Trivia You'll Try Hard to Forget

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January 2nd, 2017 at 6:42:11 PM permalink
Fleastiff
Member since: Oct 27, 2012
Threads: 48
Posts: 4570
Quote: odiousgambit
Sometimes when you eat scallops, they are fake scallops,
About one third of all fish served in restaurants is misdescribed. Fancy restaurant? So what? Expensive restaurant? So what? Most grill marks are added for appearance, it was not prepared on a grill.
January 2nd, 2017 at 7:13:11 PM permalink
DRich
Member since: Oct 24, 2012
Threads: 18
Posts: 717
Quote: Fleastiff
About one third of all fish served in restaurants is misdescribed. Fancy restaurant?


That's the truth. Every time I order Chilean Sea Bass they bring me Patagonian Toothfish.
January 3rd, 2017 at 3:05:12 AM permalink
Pacomartin
Member since: Oct 24, 2012
Threads: 702
Posts: 8109
Quote: Fleastiff
About one third of all fish served in restaurants is misdescribed.


One survey says 50% in California.

In 1977 an American fish merchant named Lee Lantz was scouring fishing boats in a Chilean port. Lantz’s business was finding new types of fish to bring to market, and he became excited when he spotted a menacing looking, five-foot long Patagonian toothfish . Taking it for a type of bass, Lantz believed it would do well in America. But when he tried a bite of the toothfish, fried up in oil, it disappointed. It had almost no flavor.

Nevertheless, Lantz still thought its attributes were a perfect match for the American market. It had a texture similar to Atlantic cod's, the richness of tuna, the innocuous mild flavor of a flounder, and its fat content made it feel almost buttery in the mouth. Mr. Lantz believed a white-fleshed fish that almost melted in your mouth -- and a fish that did not taste "fishy" -- could go a very long way with his customers at home.

It needed a good name. Lantz stuck with calling it a bass, since that would be familiar to Americans. He rejected two of his early ideas for names, Pacific sea bass and South American sea bass, as too generic. He decided on Chilean sea bass, the specificity of which seemed more exclusive.

Finally, in 1980, a company struggling with the rising cost of halibut that the company used in its fish sticks bought Lantz’s entire stock, banking on people not tasting the difference between halibut and toothfish beneath the deep fry. From there, Chilean sea bass quickly worked its way up the food chain. Chinese restaurants purchased it as a cheap replacement for black cod (Chilean sea bass is, after all, a type of cod). Celebrity chefs embraced it, enjoying, it ability to “hold up to any method of cooking, accept any spice,” and never overcook. The Four Seasons first served it in 1990; it was Bon Appetit’s dish of the year in 2001.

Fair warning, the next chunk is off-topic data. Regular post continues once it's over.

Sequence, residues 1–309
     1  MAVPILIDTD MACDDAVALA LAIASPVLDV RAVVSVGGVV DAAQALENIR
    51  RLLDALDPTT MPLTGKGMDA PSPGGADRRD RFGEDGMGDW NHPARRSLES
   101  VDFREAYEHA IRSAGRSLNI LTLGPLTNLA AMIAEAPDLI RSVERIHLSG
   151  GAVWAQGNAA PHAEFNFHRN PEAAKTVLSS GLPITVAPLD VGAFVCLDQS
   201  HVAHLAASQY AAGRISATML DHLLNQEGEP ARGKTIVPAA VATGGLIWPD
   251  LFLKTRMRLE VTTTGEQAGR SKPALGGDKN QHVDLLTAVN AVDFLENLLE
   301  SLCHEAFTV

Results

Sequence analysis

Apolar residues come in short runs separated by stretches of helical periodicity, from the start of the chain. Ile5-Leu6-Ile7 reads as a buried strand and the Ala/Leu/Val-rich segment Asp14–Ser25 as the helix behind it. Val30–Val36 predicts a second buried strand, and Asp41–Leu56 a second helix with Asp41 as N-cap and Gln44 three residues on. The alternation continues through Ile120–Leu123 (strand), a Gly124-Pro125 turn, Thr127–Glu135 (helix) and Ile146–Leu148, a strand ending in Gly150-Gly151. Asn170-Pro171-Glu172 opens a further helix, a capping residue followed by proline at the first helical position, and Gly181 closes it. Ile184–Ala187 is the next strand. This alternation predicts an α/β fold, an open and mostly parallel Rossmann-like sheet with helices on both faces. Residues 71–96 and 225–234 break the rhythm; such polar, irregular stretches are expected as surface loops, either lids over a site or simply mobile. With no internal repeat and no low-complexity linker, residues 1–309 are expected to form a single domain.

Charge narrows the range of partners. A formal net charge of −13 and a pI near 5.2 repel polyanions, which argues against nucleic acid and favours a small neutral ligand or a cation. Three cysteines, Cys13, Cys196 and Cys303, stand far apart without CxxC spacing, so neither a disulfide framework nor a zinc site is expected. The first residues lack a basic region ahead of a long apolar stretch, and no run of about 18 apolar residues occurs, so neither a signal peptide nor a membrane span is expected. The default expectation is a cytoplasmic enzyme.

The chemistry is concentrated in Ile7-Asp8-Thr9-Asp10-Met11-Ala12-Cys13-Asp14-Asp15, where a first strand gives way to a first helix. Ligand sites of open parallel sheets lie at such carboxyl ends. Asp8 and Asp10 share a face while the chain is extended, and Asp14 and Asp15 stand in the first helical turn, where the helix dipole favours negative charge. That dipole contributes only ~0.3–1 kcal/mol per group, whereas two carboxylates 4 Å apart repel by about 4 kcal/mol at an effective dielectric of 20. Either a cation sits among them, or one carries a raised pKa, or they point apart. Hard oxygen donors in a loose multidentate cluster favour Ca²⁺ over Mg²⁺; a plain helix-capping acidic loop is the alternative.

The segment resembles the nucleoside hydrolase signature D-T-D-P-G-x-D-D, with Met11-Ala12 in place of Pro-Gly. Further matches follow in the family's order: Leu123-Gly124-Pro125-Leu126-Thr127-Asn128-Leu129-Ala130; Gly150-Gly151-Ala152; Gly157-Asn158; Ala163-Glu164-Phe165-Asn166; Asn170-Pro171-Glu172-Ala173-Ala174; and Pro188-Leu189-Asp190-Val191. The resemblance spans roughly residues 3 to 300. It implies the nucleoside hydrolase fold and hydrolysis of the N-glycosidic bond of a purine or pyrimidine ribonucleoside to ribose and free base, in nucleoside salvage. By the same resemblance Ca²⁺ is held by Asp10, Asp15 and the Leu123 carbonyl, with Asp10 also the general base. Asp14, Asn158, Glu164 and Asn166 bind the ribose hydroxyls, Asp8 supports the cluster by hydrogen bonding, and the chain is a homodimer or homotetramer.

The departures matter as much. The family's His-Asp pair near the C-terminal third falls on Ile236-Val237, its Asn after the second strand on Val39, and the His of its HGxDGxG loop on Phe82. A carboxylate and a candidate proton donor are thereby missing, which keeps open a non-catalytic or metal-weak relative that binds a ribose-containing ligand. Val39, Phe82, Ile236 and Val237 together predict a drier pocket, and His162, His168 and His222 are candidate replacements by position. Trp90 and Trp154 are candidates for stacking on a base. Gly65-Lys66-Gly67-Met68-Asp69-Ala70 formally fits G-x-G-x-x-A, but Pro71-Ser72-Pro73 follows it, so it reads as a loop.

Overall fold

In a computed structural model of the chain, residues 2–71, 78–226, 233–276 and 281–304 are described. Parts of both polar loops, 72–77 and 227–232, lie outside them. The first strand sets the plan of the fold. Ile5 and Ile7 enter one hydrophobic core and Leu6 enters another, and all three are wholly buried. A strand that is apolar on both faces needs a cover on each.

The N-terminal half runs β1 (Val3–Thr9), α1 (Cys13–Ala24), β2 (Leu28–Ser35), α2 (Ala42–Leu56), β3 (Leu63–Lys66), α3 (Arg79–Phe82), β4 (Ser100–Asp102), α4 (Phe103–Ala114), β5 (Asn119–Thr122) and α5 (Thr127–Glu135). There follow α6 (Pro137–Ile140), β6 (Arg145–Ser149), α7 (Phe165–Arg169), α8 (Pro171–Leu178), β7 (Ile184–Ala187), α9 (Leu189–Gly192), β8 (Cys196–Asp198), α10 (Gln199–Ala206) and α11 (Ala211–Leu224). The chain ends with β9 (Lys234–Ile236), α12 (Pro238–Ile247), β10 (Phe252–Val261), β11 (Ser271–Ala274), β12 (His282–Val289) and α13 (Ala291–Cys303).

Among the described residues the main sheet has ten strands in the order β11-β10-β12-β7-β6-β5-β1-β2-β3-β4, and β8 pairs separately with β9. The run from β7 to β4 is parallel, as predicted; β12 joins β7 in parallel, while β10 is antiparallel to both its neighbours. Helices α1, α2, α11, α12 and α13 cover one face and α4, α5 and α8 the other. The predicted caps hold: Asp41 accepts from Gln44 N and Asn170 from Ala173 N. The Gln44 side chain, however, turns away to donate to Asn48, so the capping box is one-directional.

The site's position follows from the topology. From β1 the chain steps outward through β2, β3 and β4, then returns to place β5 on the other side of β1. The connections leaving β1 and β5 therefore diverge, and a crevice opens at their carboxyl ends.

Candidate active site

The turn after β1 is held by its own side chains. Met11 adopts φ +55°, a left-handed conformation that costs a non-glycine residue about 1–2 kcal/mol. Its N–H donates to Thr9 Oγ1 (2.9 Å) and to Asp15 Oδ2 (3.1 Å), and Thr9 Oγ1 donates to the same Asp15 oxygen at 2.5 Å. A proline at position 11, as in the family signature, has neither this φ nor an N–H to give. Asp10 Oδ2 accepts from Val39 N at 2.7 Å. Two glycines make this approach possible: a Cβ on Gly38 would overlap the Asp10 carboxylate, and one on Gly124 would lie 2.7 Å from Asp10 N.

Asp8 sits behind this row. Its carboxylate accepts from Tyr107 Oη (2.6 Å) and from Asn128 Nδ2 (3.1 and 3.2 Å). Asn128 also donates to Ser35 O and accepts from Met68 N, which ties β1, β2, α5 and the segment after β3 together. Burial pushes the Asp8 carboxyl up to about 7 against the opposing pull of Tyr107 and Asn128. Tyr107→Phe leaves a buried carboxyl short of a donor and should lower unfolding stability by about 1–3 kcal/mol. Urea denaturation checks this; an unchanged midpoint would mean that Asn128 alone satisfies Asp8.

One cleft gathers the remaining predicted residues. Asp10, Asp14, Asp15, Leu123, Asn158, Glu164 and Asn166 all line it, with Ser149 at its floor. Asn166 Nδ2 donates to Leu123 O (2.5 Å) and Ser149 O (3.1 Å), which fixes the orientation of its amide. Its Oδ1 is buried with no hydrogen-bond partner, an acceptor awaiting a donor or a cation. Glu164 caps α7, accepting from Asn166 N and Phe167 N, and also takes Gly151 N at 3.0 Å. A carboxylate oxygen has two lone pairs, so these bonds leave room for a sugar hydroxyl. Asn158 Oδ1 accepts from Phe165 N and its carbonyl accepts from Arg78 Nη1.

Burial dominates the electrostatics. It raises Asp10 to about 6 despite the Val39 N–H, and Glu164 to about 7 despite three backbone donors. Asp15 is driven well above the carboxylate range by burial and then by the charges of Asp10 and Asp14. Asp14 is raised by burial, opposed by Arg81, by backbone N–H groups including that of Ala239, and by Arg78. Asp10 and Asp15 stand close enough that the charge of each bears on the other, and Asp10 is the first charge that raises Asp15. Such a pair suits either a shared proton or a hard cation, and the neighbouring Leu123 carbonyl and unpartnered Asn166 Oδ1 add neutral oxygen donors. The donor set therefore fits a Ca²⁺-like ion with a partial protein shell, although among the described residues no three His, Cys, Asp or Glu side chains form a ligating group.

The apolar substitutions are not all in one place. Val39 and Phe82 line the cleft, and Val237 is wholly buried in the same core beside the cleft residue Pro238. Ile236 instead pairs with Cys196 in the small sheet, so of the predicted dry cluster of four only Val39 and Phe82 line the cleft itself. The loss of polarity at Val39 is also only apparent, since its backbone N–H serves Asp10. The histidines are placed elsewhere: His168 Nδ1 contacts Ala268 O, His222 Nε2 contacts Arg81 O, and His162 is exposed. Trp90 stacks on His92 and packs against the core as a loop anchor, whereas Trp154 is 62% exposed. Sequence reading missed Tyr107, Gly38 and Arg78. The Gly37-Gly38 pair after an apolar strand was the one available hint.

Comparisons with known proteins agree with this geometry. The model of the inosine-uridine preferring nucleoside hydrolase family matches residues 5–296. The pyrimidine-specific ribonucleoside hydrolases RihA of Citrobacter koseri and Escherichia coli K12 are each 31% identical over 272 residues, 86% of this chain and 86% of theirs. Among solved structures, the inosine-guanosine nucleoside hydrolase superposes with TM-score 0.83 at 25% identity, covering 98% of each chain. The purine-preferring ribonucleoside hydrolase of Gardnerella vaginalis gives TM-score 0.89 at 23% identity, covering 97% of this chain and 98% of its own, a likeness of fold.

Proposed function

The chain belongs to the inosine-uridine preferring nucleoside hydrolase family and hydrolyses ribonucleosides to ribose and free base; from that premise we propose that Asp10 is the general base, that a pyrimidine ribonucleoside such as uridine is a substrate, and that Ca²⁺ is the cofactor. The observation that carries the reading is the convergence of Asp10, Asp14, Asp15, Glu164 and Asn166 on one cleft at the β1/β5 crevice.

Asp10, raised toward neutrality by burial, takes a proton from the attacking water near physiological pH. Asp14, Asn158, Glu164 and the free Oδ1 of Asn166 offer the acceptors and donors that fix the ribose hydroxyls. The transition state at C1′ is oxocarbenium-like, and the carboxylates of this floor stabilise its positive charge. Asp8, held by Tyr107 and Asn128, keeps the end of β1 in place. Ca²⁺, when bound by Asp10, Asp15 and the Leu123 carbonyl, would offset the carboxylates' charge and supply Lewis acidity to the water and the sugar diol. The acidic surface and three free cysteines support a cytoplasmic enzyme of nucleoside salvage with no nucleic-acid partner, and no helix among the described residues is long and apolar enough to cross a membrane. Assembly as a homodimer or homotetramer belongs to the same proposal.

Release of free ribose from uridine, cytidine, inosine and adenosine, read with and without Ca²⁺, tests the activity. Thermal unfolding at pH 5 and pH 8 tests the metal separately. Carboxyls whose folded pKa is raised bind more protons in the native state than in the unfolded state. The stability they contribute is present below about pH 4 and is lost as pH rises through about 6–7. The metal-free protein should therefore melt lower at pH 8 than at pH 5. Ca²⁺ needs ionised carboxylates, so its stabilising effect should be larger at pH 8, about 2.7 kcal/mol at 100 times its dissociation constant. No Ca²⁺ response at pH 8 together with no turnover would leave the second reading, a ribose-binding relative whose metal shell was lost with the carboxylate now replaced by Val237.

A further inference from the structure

January 3rd, 2017 at 6:18:17 AM permalink
Nareed
Member since: Oct 24, 2012
Threads: 318
Posts: 10829
Quote: TheCesspit
Not surprising... if your good and have a long career, you might well set records for losses. I believe Brett Favre has the record for most interceptions thrown and games lost.


Favre had a chronic interception problem, regardless of the length of his career. I'm not so sure about losses.

Bare numbers aren't all that useful. A better measure is the winning percentage, though even that can be deceiving. Take Troy Aikman, inarguably one of the best QBs in recent times. In his first season with the Cowboys, the team ended up 1-15, and Aikman did not play in the sole victory.
If Trump where half as smart as he thinks he is, he'd be twice as smart as he really is.
April 3rd, 2017 at 5:14:31 AM permalink
odiousgambit
Member since: Oct 28, 2012
Threads: 72
Posts: 1550
every time I see a reference to the CAC index, the CAC 40, I think: "the caca"

a word for excrement not used by me, ever, but definitely some kids used this growing up, usually when very young. Always seemed odd to me.

today I wondered where it came from, so here is some trivia you can try to forget!

Quote: link
a nursery word but a very ancient one ...[similarity found in] many Indo-European languages... The word in this form appears in English slang c. 1870, and could have been taken from any or several of the languages that used it


http://www.etymonline.com/index.php?term=caca
Mustard:You like Kipling, Miss Scarlet? Sure, I'll eat anything [from movie]
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